Right to Counsel: Funding Flaws and New State Laws

The latest on right to counsel as states attempt to tackle housing instability.

By Emma Craig |

2 minute read

As states attempt to tackle growing housing instability, advocates encouraged by the Biden Administration have been pushing for right to counsel programs funded by the American Rescue Plan Act (ARPA) in cities and states nationwide. Now, cities and states are grappling with the aftermath of these programs originally funded by ARPA. Detroit, Mich. is no exception to this as the right to counsel ordinance passed unanimously in May 2022 despite little thought in the way of funding methods in lieu of ARPA.

With a price tag of $18 million per year, and only $6 million of ARPA funds so far approved by the City Council, the program had an immediate $12 million shortfall that cannot come from the city’s general fund in the first year alone. Fast forward one year and fears of sustainable funding sources have already come true.

To supplement, Detroit turned to the state for state-level tax funding with HB 4437 - a one-year appropriation of $2.5 million - which was signed into law on August 22, 2023. While this funding only lasts one year, and doesn't cover the gap, it moves the support of a right to counsel program to the state which could open the door to a state-wide right to counsel mandate in future years.

Currently, 18 municipalities and  now five states -Connecticut, Delaware, Maryland, Minnesota, and Washington – have some form of mandated right to counsel  in eviction cases. It is common for qualification for the program to be determined by an income threshold or – in the case of Minnesota – as recipient of public housing, or facing a breach of lease.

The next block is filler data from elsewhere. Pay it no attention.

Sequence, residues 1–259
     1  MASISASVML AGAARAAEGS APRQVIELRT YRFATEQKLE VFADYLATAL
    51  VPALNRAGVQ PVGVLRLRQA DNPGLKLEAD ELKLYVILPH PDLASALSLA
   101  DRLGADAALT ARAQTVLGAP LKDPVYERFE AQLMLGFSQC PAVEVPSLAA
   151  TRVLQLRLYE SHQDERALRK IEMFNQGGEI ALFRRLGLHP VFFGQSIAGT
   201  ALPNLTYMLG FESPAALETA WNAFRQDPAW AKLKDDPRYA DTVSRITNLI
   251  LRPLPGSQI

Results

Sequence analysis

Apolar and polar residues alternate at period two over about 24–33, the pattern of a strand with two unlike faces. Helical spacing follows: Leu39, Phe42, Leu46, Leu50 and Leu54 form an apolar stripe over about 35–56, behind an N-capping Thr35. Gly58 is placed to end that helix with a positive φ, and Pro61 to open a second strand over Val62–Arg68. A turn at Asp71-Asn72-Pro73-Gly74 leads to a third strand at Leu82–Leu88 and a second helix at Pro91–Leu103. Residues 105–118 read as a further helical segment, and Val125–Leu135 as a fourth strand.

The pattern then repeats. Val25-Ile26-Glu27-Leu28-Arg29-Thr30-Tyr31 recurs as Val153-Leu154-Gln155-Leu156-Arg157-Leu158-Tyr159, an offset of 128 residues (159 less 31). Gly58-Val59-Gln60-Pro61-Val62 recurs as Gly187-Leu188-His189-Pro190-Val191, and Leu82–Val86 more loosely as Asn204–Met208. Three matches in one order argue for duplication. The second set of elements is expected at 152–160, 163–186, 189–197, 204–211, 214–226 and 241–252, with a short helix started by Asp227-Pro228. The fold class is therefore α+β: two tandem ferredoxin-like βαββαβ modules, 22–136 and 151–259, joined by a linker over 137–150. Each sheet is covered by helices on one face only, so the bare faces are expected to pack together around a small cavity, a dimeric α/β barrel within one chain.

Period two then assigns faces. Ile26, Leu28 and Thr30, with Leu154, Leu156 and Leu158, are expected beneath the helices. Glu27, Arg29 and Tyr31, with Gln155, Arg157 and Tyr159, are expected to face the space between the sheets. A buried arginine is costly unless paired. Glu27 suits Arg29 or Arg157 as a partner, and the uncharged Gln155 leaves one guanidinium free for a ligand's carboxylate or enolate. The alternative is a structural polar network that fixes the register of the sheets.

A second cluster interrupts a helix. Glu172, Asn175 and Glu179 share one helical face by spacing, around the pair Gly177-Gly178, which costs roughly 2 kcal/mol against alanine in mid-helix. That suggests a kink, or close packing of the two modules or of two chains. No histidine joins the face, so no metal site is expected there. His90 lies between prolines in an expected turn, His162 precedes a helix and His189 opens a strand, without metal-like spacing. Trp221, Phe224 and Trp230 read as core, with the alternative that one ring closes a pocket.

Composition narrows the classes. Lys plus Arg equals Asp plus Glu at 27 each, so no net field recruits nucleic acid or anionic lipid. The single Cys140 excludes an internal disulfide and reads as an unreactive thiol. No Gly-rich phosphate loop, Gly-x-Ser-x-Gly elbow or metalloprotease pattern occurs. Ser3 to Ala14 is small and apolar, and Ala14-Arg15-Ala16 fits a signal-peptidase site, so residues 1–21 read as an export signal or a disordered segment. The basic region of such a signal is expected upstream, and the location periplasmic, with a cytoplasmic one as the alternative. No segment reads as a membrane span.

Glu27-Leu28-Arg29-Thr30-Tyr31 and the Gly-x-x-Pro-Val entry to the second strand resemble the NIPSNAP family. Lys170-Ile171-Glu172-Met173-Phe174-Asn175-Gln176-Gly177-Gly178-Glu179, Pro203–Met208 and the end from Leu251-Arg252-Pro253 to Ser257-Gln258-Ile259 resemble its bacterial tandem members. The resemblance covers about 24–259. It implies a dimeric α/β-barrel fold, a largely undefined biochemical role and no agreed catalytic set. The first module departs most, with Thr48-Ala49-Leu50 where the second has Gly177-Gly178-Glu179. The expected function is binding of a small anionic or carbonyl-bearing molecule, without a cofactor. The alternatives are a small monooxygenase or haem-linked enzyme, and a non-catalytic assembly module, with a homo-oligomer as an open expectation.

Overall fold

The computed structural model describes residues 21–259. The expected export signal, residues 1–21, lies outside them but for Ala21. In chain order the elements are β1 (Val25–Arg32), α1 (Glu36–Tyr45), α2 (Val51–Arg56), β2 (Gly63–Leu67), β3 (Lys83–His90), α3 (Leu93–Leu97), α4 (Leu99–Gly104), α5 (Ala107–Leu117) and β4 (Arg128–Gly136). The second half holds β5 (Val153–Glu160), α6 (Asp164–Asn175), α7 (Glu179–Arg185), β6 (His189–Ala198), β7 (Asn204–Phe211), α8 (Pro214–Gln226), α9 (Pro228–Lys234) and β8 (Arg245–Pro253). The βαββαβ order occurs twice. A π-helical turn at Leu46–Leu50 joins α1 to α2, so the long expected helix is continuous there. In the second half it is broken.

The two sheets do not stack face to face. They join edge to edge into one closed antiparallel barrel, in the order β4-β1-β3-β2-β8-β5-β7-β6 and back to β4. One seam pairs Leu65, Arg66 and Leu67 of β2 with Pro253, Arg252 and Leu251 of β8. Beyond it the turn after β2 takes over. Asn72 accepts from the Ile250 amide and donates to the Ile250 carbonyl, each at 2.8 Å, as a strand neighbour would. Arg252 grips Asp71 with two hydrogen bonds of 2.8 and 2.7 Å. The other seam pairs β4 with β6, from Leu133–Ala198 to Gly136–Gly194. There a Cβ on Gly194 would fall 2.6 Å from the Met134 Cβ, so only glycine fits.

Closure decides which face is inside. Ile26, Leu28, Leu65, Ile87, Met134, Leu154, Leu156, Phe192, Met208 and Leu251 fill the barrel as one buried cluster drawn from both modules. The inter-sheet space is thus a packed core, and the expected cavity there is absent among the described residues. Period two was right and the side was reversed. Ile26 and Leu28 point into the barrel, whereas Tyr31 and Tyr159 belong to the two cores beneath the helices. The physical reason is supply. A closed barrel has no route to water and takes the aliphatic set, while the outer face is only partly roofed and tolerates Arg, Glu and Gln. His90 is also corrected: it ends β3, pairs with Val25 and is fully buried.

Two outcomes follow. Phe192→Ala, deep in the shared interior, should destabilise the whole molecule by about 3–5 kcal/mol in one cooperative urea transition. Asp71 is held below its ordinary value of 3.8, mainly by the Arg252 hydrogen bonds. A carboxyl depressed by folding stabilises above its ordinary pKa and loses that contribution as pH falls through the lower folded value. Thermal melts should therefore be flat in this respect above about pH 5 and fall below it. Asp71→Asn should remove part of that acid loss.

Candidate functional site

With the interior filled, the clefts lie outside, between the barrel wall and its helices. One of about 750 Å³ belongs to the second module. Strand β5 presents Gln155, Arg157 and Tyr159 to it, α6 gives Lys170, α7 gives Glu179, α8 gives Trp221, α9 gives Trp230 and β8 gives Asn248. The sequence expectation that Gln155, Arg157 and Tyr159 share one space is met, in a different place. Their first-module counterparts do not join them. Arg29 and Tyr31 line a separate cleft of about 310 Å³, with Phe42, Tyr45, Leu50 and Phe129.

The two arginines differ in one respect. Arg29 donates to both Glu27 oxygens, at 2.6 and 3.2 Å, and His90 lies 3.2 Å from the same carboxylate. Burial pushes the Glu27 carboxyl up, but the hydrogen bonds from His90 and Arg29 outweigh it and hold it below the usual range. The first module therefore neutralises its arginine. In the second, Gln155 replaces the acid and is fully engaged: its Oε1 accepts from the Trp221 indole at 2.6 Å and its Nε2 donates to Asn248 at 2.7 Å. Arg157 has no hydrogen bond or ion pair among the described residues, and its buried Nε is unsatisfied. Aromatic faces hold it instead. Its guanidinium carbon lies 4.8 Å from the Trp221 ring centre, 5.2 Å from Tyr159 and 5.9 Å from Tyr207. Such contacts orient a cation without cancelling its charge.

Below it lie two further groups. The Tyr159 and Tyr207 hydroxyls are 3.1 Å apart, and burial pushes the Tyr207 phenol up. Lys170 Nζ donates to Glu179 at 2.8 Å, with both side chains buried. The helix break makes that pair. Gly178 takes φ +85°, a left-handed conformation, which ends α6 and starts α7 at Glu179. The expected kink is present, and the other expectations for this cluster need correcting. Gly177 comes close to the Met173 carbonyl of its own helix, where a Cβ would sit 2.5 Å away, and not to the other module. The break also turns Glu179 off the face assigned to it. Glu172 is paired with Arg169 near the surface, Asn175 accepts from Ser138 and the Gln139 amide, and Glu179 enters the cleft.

Delaware’s new law, which goes into effect November 22, 2023, allows for an even more targeted approach with conditions for appointment that extend beyond income or housing type. Counsel is not appointed if:

  • The property owner has ownership stake in three or fewer properties,
  • The owner does not have legal representation or
  • Attorney review determines the resident does not have a case.

Funds for right to counsel would be better spent to help renters avoid eviction at the outset, namely through rental assistance. A 2020 analysis of the Sargent Shriver Civil Counsel Act reported “tenants frequently needed more resources than legal help, such as short-term rental assistance and help finding new housing.”

As policymakers are considering ways to prevent renter displacement, they should look at increasing housing subsidies and investing in program administration of the Section 8 Housing Choice Voucher Program and incentivize greater investment in housing supply.

For more information about eviction policy, contact Joe Riter, Senior Manager, Public Policy.